BMX Finals: Gold, Silver & a Heartbreaker for Team USA - NBC Bay Area
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BMX Finals: Gold, Silver & a Heartbreaker for Team USA

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    BMX Finals: Gold, Silver & a Heartbreaker for Team USA
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    Alise Post wins a silver medal with Connor Field nabbing the gold in the BMX finals on Friday.

    The U.S. BMX Olympic team won gold and silver in Friday's finals in the men's and women's competition in the 2016 Rio Olympics.

    U.S. Olympic BMX rider Connor Fields won gold in the BMX men's final with Alise Post winning silver in the women's final.

    Lakeside's Nic Long finished in third, a position that initially looked like it would tie for a bronze, according to NBC Olympics. However, U.S. Cycling reports that video replay showed Long finished in fourth.

    Fellow Team USA teammate Corben Sharrah did not qualify for the final.

    The silver medalist in 2012, Australia's Sam Willoughby, did not make it to the podium.

    Team USA's Connor Fields and Nic Long embrace after the men's BMX finals.
    Photo credit: Getty Images

    Earlier in the women's final, Post crossed the finish line immediately after the "Queen of BMX", Colombian Mariana Pajón.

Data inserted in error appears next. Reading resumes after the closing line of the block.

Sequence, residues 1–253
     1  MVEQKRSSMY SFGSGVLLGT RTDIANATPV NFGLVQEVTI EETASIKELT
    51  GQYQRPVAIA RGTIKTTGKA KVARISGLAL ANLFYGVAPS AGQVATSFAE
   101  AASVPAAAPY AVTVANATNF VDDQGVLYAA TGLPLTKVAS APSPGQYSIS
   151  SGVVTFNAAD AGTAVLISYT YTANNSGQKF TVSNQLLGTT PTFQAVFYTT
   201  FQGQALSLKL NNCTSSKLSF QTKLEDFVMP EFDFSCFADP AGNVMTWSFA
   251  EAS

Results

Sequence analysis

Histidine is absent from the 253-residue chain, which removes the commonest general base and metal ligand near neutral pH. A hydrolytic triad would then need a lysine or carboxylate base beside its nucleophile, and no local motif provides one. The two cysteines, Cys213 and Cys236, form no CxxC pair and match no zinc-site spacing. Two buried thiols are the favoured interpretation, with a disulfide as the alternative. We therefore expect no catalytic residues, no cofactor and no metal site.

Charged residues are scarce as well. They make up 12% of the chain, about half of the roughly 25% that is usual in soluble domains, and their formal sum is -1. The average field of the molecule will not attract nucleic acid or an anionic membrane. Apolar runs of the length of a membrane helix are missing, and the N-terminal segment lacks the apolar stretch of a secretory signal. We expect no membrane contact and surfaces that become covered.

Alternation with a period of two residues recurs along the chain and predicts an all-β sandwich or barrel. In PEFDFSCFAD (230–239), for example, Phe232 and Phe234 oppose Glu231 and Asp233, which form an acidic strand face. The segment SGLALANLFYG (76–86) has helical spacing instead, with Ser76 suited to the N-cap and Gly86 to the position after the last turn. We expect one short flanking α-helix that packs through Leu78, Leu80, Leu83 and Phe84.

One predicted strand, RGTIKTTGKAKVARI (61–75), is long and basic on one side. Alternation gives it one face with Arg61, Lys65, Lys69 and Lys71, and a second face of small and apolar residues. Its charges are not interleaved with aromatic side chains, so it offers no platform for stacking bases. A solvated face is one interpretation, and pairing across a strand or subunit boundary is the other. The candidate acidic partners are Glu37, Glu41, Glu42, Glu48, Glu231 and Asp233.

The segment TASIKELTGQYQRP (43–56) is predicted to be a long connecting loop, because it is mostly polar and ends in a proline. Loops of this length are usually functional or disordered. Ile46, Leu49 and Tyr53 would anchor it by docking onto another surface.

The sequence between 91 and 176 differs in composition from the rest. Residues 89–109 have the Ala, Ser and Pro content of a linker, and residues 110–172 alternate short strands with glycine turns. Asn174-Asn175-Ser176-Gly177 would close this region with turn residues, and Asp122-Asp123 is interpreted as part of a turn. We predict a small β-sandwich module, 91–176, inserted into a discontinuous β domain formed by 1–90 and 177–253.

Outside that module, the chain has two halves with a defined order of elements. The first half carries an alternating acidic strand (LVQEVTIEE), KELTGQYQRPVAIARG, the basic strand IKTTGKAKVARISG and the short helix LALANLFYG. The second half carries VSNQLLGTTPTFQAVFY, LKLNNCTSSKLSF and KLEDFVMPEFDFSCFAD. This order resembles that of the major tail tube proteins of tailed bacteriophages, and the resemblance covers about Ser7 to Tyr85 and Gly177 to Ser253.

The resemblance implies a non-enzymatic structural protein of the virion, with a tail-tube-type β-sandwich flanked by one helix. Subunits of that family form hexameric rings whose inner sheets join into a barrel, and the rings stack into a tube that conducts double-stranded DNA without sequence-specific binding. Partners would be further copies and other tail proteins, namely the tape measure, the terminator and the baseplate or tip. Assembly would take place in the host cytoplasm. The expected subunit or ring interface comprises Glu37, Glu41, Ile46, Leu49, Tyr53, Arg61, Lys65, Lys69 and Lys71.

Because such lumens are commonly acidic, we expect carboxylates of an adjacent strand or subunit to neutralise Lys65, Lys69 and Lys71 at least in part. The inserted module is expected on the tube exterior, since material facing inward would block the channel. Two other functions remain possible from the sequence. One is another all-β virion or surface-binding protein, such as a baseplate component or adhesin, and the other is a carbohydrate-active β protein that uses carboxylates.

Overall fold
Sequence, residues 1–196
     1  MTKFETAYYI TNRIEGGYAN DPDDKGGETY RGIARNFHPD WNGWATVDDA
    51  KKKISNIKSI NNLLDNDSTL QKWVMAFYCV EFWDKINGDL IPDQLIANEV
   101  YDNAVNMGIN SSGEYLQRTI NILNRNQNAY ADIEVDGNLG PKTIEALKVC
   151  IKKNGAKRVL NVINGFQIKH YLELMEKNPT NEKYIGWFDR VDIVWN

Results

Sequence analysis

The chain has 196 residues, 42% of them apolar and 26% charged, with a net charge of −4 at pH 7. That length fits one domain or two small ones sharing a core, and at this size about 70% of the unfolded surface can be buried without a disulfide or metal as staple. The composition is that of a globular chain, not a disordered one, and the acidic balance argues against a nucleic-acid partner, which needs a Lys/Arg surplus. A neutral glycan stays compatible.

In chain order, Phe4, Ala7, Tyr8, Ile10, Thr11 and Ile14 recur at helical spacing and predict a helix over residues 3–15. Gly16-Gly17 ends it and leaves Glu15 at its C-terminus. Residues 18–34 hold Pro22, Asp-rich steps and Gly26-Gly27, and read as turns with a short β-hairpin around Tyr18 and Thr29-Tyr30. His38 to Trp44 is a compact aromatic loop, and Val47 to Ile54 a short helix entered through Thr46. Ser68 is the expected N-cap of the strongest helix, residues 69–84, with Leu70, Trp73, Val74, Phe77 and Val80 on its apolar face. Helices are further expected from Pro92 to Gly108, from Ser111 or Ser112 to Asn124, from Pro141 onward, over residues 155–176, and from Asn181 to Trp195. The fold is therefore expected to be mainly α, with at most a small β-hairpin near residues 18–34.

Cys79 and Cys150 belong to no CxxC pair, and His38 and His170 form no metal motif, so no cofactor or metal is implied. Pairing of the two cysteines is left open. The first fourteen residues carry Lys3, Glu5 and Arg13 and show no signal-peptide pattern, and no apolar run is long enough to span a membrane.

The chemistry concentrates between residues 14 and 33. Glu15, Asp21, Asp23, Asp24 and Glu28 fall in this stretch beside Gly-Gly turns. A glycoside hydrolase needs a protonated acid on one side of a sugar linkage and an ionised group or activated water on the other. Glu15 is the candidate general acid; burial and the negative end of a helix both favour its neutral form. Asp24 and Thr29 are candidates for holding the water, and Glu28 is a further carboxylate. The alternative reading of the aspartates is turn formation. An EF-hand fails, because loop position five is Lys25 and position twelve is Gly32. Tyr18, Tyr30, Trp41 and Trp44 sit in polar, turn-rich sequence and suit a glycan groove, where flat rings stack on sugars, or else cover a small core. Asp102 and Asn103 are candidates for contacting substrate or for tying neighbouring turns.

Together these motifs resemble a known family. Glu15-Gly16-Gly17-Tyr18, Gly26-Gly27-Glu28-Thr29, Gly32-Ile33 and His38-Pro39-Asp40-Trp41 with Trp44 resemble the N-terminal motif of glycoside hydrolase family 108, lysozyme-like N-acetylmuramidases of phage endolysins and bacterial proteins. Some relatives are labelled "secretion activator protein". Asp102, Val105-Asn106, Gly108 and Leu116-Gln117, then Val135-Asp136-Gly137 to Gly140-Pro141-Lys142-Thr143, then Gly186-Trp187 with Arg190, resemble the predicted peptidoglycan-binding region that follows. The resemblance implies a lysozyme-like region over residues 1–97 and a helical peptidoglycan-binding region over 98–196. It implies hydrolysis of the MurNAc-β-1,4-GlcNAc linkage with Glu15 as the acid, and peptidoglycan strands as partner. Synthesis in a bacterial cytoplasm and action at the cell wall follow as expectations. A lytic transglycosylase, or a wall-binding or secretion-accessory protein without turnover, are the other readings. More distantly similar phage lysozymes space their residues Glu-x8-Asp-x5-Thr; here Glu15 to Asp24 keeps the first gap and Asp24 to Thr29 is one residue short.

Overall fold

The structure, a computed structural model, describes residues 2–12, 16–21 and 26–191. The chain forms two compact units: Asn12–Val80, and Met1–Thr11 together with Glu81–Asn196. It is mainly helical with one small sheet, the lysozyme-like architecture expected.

Post, the top American rider, was all smiles as she posed with a U.S. flag at the finish line. She was not favored to win a medal even after her third-place finish in the women's elite final at the 2016 UCI BMX World Championships.

    Pajón repeated her win from the 2012 London Games. Post had a crash that kept her out of the finals in London.

    Venezuela’s Stefany Hernandez came in behind Post to pick up the bronze.

    Brooke Crain, Post’s Team USA teammate, finished just behind Hernandez to finish in 4th.

    Post is just the second American women to win a BMX Olympic medal, Jill Kintner won bronze in 2008.

    Post is a University of San Diego student who trained at the Olympic BMX track in Chula Vista, California with the rest of the BMX Olympic team before heading to Rio de Janeiro.

    BMX, an abbreviation for "bicycle motocross," traces its roots to the late 1960s and early 1970s in Southern California. Besides racing, there is also freestyle BMX in which cyclists ride ramps and perform tricks on their bikes.

    Cyclists pedal on bikes over a roughly quarter mile-long course filled with bumps, hills and sharp twists.